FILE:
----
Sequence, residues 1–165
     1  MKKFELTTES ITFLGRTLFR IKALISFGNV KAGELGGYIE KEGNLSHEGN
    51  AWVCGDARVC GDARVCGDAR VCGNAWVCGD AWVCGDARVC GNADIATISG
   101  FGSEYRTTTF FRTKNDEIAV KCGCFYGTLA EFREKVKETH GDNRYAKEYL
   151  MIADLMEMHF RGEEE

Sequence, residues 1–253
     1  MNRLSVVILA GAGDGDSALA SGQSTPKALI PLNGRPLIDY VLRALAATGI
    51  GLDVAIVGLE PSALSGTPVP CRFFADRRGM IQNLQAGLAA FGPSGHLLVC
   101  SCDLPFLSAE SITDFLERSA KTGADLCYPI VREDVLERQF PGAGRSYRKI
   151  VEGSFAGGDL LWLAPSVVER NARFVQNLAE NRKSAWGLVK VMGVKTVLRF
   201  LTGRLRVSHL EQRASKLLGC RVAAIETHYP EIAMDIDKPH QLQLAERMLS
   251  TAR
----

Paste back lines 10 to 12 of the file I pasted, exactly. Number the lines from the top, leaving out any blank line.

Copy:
   151  VEGSFAGGDL LWLAPSVVER NARFVQNLAE NRKSAWGLVK VMGVKTVLRF
   201  LTGRLRVSHL EQRASKLLGC RVAAIETHYP EIAMDIDKPH QLQLAERMLS
   251  TAR